Author + information
- Richa Gupta, MD, MPH∗ (, )
- Kelly Schlendorf, MD and
- JoAnn Lindenfeld, MD
- ↵∗Vanderbilt University Medical Center, 1215 21st Avenue South, Nashville, Tennessee 37232-8802
We thank Drs. Weinrauch and D'Elia for their interest in our paper (1) and are pleased that they support the concept of personalizing immunosuppression (IS) regimens to account for comorbidities in aging transplant recipients and agree that complications of IS threaten survival.
Regarding calcium-channel blockers, we do not have any evidence that these agents are associated with improved infectious outcomes in the post-transplantation population. With respect to malignancy, however, calcium-channel blockers have been purported in published research to either be associated with an increased risk for cancer (most commonly) (2) or to confer protection from malignancy (3). Much of this debate, unfortunately, has stemmed from nonrandomized, observational, and even small randomized trials that are quite limited by selection and ascertainment biases. None of these associations have ultimately been confirmed in large-scale clinical trials (4).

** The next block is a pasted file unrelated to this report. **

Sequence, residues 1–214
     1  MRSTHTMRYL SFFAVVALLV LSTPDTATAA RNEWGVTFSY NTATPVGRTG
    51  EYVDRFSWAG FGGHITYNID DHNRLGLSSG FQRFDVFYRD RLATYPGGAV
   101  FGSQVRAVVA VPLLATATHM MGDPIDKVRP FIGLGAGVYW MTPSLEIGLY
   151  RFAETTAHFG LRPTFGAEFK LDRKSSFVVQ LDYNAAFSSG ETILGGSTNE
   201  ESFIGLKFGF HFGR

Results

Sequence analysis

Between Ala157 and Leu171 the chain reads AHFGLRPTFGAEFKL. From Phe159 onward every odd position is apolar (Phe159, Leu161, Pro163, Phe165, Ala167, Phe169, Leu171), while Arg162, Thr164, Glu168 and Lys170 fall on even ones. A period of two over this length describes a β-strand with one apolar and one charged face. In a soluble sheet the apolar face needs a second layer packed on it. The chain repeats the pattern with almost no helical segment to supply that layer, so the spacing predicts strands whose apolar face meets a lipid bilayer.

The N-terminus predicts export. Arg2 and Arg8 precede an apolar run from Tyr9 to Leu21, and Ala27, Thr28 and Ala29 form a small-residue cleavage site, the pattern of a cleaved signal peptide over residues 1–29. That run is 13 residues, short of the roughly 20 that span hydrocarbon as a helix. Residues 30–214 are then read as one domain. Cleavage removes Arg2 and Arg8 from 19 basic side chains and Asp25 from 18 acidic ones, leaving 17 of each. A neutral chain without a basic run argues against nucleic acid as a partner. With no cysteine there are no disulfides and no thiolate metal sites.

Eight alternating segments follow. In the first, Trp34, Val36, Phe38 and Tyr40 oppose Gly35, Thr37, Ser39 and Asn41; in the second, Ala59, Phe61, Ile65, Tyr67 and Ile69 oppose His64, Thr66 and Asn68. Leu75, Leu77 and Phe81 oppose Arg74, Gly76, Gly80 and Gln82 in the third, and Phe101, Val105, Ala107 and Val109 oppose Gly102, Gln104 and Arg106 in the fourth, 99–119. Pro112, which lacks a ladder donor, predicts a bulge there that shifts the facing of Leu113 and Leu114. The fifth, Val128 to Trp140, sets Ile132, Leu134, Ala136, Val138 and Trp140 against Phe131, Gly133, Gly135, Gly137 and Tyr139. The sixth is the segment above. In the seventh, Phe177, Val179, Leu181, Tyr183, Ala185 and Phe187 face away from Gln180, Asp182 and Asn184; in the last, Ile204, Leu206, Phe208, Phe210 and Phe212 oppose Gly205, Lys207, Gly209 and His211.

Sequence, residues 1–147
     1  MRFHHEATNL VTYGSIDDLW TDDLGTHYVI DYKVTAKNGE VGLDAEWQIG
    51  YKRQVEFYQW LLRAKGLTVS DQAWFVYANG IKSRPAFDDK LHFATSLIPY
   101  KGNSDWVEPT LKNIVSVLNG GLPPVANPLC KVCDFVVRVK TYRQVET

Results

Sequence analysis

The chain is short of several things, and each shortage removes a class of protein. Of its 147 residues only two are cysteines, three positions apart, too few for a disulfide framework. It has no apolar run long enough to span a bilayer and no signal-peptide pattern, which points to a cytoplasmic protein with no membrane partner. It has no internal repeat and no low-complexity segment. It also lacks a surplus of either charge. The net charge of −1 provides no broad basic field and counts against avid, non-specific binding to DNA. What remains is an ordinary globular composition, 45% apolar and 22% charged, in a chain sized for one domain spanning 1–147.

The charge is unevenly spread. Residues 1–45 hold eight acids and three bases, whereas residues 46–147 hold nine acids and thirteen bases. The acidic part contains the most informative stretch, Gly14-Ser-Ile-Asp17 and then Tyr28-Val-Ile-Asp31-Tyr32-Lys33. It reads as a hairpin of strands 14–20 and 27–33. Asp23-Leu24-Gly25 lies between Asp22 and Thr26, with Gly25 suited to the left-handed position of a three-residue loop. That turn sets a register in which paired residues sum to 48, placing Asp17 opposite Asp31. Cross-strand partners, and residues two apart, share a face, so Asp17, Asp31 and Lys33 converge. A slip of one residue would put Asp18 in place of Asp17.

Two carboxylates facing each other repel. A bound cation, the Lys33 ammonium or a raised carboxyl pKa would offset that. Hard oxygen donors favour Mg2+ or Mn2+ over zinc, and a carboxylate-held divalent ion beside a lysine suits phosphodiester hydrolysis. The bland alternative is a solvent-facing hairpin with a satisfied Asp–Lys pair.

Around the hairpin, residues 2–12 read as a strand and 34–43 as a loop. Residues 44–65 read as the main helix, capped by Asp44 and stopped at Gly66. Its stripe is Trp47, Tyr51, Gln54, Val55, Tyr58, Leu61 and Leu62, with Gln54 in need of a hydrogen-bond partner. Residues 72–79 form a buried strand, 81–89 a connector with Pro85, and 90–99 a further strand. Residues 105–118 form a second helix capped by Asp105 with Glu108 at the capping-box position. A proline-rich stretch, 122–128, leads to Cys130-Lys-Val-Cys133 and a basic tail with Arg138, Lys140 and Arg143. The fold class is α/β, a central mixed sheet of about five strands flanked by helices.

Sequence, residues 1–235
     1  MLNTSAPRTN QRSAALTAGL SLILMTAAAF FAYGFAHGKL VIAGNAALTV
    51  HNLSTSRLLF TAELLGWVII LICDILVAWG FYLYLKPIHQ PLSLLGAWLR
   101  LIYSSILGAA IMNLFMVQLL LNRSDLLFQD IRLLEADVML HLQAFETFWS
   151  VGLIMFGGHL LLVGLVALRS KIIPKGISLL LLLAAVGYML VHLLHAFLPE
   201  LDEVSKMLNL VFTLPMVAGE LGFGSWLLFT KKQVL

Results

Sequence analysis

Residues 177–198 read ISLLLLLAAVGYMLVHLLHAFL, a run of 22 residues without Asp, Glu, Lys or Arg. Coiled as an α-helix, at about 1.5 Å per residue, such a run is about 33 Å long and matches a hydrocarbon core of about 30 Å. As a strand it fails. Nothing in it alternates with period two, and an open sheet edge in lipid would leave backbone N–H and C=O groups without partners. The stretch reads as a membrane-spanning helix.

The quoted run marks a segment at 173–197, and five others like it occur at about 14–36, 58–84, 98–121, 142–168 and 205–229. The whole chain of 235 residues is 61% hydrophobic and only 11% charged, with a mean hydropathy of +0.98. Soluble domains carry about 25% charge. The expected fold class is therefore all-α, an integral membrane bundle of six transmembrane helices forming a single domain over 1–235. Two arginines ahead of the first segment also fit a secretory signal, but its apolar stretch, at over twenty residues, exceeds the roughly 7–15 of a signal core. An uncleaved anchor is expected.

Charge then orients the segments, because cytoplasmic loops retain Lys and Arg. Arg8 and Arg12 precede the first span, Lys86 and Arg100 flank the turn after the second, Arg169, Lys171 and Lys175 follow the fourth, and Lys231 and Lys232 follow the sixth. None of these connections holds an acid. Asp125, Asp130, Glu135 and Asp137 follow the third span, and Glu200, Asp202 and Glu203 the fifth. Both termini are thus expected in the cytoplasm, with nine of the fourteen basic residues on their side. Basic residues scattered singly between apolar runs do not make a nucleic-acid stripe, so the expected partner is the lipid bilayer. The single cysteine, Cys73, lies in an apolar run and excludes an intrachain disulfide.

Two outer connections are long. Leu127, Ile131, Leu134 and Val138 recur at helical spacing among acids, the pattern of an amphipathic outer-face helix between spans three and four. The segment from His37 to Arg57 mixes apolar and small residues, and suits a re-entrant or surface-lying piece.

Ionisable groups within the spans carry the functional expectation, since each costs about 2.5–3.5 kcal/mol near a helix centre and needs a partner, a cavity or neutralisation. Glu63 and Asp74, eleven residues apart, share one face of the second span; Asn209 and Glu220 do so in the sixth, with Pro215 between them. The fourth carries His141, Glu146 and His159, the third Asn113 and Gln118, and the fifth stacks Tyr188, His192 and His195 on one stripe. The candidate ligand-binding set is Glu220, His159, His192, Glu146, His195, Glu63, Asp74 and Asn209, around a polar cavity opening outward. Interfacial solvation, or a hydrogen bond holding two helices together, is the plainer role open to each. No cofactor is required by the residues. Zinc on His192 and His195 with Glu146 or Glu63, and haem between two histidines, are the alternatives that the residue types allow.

Better understanding of IS and its specific effects on cancer, infection, graft dysfunction, and rejection will certainly allow reduction of risk due to excess death from complications of IS and result in improved outcomes. Development of a broad, searchable dataset of solid organ transplantations accessible to all investigators, as described in the letter, would be an excellent start.
Please note: The authors have reported that they have no relationships relevant to the contents of this paper to disclose.
- 2018 American College of Cardiology Foundation